Sheila Dikshit, the chief minister of Delhi, is both popular and competent, a rare combination in these frayed times. The principal architect of many initiatives that made Delhi a better city for its denizens, she speaks in this interview with Christabelle Noronha about the power sector reforms that her government set about, the benefits that have accrued, and the role companies such as Tata Power Delhi Distribution (TPDDL) have played in making them a success.
Why did the Delhi government feel the need to bring the private sector into the power business?
This is a story that goes back more than a decade. Despite the fact that New Delhi is the capital of India, it had to endure eight-ten hours of power cuts every day. We thought it was a shame, not only for us but also the country, that our capital had to suffer this situation.
We set up a group to figure out what could be done, to see how we could privatise the distribution part of it and also include the generation and sale of power in the package. We invited companies to consider this business opportunity; the Tatas were one of those invited and the Ambanis were the other.
What would you attribute the success of this partnership to?
It cannot be attributed to a particular individual or institution. I think it was the determination of the government and also the fact that we got good companies involved in the project. There was competition and this made the companies work harder; each wanted to outdo the other.
We are 49 percent stakeholders in this business, so we had our interests. There were hiccups in the beginning but I think this is now something that everybody involved is comfortable with. People may say power is a problem, but that is because of politically motivated elements and equations.
Coming to TPDDL, what, in your opinion, did the company do right?
I think TPDDL, like all Tata enterprises, has a lot of credibility; that was one factor that put everybody at ease. The company won the confidence of consumers, took steps to make them feel welcome and also gave the feeling that it was working for the larger public good, rather than merely for profits. That was a good message to send out. Everybody knows the company is going to make a profit, but if you are subtle about it and you provide good service, then the impact is greater.
Additionally, TPDDL had all these outreach programmes and camps, and their efforts on this count were important. They asked consumers if they required meters and made them available. We requested the company — and they agreed — to give consumers a choice on the kind of meters they wanted. That kind of flexibility was appreciated because, at one point, there was a hue and cry about meters running too fast. People had got used to ‘hooking up’ to electricity lines and taking power without paying for it. It was a big psychological and cultural change for them to pay for the power they were using.
This went off well in part because TPDDL’s public relations initiatives were good and their endeavours instilled confidence in consumers. We never had any complaints about the company.
You must have faced a lot of opposition to these reforms. How did you deal with it?
There was opposition. TPDDL and all of us got together and said this is bound to happen. When you change over to something new there is always a sense of suspicion and questions, but we managed to build up confidence gradually. Our power department and the private companies, TPDDL among them, would have continuous dialogues. We went out to meet people — I was myself one of those who did this — and asked them if they were satisfied with the new arrangement.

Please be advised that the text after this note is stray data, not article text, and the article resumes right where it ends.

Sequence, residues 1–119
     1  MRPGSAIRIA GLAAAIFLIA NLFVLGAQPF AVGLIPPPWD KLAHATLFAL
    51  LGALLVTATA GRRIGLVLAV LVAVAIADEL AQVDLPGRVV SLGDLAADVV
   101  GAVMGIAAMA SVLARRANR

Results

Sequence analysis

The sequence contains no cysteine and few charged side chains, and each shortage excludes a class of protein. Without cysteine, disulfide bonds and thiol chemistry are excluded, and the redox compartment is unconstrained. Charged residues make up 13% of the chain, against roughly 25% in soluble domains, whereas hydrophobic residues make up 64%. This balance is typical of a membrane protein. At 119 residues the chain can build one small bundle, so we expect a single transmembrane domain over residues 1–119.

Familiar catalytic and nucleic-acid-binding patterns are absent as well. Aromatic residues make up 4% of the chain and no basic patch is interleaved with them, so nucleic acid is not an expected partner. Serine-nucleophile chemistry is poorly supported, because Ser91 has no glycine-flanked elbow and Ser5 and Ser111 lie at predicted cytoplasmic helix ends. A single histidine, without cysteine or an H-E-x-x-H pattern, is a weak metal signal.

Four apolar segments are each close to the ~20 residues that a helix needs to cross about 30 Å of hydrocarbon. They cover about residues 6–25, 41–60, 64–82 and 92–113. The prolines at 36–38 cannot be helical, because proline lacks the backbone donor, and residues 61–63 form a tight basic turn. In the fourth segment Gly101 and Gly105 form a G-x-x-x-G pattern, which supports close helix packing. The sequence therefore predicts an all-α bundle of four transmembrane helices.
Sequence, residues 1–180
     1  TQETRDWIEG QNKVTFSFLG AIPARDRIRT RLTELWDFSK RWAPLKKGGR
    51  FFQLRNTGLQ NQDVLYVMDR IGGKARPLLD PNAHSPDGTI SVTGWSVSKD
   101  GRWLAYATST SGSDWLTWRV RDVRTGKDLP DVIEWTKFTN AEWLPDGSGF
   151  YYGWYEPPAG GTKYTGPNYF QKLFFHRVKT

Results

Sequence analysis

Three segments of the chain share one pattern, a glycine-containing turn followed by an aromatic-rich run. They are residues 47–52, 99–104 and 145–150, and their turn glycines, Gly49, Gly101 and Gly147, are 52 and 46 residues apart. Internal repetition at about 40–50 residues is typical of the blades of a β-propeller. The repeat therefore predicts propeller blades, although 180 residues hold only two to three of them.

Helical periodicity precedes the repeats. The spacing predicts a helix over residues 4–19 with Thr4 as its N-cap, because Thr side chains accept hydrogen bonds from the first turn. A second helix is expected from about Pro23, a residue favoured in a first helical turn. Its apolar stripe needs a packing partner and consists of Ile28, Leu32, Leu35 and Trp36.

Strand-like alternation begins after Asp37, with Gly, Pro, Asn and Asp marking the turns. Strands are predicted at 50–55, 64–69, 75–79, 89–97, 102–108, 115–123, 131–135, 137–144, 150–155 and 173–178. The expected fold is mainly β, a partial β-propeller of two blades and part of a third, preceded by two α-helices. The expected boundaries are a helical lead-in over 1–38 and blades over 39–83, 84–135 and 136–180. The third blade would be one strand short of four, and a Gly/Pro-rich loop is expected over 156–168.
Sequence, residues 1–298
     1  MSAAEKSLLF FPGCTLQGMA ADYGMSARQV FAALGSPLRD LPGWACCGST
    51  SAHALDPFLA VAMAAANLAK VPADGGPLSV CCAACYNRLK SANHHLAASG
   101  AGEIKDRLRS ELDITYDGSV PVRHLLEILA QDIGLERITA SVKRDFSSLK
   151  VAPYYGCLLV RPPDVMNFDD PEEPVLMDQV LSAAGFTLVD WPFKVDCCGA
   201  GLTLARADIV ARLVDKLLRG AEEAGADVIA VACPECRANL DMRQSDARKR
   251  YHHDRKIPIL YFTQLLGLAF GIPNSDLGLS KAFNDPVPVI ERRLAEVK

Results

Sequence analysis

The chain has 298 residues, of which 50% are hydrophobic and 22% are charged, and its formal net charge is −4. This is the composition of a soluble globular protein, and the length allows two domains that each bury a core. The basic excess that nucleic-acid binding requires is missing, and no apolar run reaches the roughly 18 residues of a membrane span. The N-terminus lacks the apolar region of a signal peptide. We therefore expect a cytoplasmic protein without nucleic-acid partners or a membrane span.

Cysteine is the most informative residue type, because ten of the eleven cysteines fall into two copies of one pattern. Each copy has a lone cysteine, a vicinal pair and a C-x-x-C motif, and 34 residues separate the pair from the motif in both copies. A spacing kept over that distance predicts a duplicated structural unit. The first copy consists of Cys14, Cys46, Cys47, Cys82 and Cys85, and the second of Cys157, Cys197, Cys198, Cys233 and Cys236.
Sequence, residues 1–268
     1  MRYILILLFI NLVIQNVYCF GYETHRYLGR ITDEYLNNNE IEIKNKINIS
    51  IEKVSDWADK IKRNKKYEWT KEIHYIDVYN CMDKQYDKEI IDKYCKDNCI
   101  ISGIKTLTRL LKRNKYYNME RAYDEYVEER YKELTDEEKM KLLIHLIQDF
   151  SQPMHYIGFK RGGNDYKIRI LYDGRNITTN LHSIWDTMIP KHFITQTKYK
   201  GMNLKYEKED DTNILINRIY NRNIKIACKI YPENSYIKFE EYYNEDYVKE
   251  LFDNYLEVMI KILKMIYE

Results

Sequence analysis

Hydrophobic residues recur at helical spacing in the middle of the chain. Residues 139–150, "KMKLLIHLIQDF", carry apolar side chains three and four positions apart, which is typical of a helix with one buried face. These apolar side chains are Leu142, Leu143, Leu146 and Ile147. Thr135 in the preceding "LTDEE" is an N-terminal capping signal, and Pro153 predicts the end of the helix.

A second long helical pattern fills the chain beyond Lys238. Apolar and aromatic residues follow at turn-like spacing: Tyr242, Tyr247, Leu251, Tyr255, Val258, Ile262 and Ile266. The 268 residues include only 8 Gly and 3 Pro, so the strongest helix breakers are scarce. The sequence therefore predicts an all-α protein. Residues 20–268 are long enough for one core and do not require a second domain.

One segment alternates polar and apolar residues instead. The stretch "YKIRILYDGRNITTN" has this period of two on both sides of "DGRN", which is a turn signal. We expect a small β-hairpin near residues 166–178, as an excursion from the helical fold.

All of this change happened over a decade. A decade may not seem like a lot, but it seems to us like a very long time because of the mess that had to be cleaned up. As I said, there was suspicion and this habit of stealing power, and the stealing part was not easy to get over. We started a campaign in schools and in the media to curb wastage. All of this contributed to the making of a happy partnership and it brought consumers much more comfort than they had ever experienced.
Do you think this model can be replicated with other utilities?
I certainly think that can happen, provided all the partners involved have the will to do what’s required. We received a lot of flak on power sector privatisation but, yes, this kind of arrangement can be replicated. We are trying to do something similar with the distribution of water, the idea being that when you pay for a utility you are likely to be more careful about how, and how much, you use.
What is your expectation of this relationship in the years ahead?
I would expect it to get better and better. TPDDL has started with solar panels and that is a good initiative. What I find nice about TPDDL is that it is always willing to go a step forward; it does not give the impression of being in the business only for the money. People have got used to receiving good-quality power and I think TPDDL and the other companies involved are getting what they deserve to get. If they move backwards we would be forced to return to the dark ages, I don’t think they will.
What message do you have, as TPDDL celebrates its 10th anniversary, for the company’s employees?
Well, to the employees I would specially say, “Thank you very much, you have helped effect a turnaround, something which looked impossible when we started off 10 years ago. You have responded to the changing situation, the changing tariffs and the changing times.”
These days, if power goes off for even five minutes the alarm bells start ringing. Previously, it wouldn’t come on for five hours and people would bear with the situation. I think our association with TPDDL has been really good and we feel particularly happy that this is becoming a kind of model for the whole world. Wherever there are power problems, Delhi is cited as an example.